Driving a motor vehicle on the road while disqualified from holding or obtaining a licence is an offence under s 103 of the Road Traffic Act 1988 (RTA 1988).
It is a summary only offence which means that it can only be tried by the magistrates’ court although if linked with more serious offences it may be committed to Crown Court under s 40 of the Criminal Justice Act 1988. The offence will appear on the indictment along with the more serious matters if they arise out of the same set of circumstances.
There is a time limit of three years to bring proceedings for this offence with the caveat that proceedings must be initiated within six months from the date the prosecutor acquired sufficient evidence to prosecute.
Driving while disqualified
A person who is disqualified by a court from holding or obtaining a driving licence is prohibited from driving any motor vehicle on a road for the period of disqualification imposed by the court.
Any driving licence held by the individual is revoked from the day of disqualification and it will be necessary to apply for the return of the licence from the Drivers Vehicle and Licensing Authority (DVLA) shortly before the end of the disqualification period.
Sometimes a person is not only disqualified for a certain period of time but until an extended driving test is passed. If subject to this requirement to take a test of competence, the individual may drive once the actual disqualification is at an end but only if supervised and displaying ‘L’ plates on the vehicle.
Legal definition of driving
Driving is not defined in the RTA 1988 but the courts have held that the act of driving is a physical one which can only be performed by a person: in Richmond London Borough Council v Pinn and Wheeler (1989) the court held the term does not apply to a limited company.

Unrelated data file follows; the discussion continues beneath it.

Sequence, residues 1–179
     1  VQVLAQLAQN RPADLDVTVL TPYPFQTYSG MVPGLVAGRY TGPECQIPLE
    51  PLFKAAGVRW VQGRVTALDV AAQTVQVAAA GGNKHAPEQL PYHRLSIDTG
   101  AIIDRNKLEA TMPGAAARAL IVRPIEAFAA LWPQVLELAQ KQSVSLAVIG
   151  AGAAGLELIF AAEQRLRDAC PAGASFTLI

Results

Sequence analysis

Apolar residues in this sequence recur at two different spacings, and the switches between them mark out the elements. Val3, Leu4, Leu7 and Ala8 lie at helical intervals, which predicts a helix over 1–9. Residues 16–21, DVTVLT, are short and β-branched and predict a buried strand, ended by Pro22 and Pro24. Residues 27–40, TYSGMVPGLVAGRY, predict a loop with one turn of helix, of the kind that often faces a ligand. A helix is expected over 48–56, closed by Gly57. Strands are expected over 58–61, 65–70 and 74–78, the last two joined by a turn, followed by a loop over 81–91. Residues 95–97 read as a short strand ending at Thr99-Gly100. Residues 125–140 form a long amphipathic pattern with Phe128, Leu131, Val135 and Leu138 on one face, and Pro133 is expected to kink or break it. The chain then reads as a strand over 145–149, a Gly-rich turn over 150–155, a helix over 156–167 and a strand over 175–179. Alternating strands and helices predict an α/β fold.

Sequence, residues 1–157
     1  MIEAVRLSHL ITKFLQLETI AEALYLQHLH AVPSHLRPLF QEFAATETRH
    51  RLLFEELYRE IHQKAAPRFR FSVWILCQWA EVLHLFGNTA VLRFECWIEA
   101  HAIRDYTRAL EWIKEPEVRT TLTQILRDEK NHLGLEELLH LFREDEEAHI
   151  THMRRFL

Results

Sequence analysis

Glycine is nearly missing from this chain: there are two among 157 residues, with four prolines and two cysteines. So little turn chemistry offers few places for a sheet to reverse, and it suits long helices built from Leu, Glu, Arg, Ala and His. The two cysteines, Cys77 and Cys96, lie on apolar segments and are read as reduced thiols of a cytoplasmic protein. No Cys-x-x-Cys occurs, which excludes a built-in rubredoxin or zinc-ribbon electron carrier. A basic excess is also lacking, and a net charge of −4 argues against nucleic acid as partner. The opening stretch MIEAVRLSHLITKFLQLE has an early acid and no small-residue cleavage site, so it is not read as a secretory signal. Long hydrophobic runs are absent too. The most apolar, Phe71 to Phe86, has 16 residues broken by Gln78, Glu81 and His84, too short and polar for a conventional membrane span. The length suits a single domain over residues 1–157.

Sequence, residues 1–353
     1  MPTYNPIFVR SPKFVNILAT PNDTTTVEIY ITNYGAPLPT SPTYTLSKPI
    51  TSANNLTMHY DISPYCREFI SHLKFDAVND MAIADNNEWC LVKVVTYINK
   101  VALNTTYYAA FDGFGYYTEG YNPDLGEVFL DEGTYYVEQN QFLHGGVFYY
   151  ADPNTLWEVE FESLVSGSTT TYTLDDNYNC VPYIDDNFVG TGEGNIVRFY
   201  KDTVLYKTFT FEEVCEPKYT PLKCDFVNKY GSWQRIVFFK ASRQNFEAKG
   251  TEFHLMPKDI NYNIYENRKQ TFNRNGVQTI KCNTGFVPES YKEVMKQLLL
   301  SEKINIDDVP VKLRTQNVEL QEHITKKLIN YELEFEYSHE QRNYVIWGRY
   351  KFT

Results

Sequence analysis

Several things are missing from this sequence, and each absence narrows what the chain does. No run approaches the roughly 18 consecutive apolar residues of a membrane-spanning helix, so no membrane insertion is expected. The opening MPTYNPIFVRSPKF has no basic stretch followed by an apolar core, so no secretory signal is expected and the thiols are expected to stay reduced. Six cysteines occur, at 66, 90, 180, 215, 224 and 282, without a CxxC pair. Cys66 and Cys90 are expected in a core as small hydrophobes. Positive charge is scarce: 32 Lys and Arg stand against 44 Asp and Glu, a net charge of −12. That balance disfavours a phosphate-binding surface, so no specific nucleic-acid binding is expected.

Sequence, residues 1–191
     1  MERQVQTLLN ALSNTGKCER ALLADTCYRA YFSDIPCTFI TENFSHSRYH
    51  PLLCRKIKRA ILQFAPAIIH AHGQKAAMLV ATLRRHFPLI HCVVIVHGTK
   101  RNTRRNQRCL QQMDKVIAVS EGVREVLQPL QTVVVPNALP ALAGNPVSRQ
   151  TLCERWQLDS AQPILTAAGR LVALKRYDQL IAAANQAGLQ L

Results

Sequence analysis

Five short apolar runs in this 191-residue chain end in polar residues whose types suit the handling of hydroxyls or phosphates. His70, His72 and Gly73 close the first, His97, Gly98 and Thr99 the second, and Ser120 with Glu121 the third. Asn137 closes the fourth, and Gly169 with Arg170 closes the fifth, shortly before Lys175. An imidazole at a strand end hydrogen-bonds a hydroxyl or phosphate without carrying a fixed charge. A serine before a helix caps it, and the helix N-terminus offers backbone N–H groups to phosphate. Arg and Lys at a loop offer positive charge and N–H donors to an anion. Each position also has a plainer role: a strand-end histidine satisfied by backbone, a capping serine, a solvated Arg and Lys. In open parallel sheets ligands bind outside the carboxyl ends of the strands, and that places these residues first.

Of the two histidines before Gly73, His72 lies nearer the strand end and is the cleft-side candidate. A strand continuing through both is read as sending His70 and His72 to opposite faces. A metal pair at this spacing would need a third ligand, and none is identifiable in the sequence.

Movement of the vehicle is not essential to amount to driving (DPP v Alderton (2003)).
In R v MacDonagh (1974), the Court of Appeal held that the essence of driving was the driver’s use of the controls for the purpose of directing the movement of the vehicle. In this case, the defendant who was both pushing and steering his car while walking alongside the car was held not to be driving.
Conversely, a defendant who released the handbrake while sitting in the driving seat so the car coasted downhill was found to be driving, even though the keys were not in the ignition.( Burgoyne v Phillips (1982)).
Legal definition of a motor vehicle
A ‘motor vehicle’ is defined in s 185(1) of the Road Traffic Act 1988 and s 136(1) of the Road Traffic Regulation Act 1984 as ‘a mechanically propelled vehicle, intended or adapted for use on roads’. Mechanically propelled is not defined and it is a matter of fact and degree for the court to decide. At its most basic level it is a vehicle which can be propelled by mechanical means. It can include both electrically and steam powered vehicles. Intended or adapted for use depends on what the reasonable person (the reasonable person test) would conclude (Burns v Currell (1963). It matters not what the actual user or manufacturer intended or adapted the vehicle for.
Legal definition of a road
A road for the purposes of this offence is one to which the public have access. It includes footpaths, bridleways and bridges.
Burden of proof
The prosecution must prove beyond reasonable doubt that the person was driving and that he was disqualified. The prosecution does not have to prove the person’s knowledge of either the disqualification or that he was on a road. An individual can be disqualified in his absence by the court but lack of knowledge does not provide a defence. A statutory declaration can be made to the court to the effect that he did not know of the proceedings leading to his disqualification and requesting that the conviction and sentence be set aside. However, even if the court allows this to happen, the disqualification remains valid until the conviction and sentence is set aside.
The maximum penalty is a level five fine (£5000) and six months imprisonment. The court may disqualify for any period of time and impose an extended driving test. The driving licence must be endorsed with penalty points. If no disqualification is imposed, the court will impose six penalty points. Since this offence blatantly flouts a court order it is always regarded seriously by the courts although further aggravating and mitigating factors will be taken into account. For example, if the individual has a string of previous convictions for driving while disqualified, imprisonment will probably result. If the individual was disqualified in his absence and provides a genuine reason why he did not know of the ban, the court are likely to treat the offender more leniently.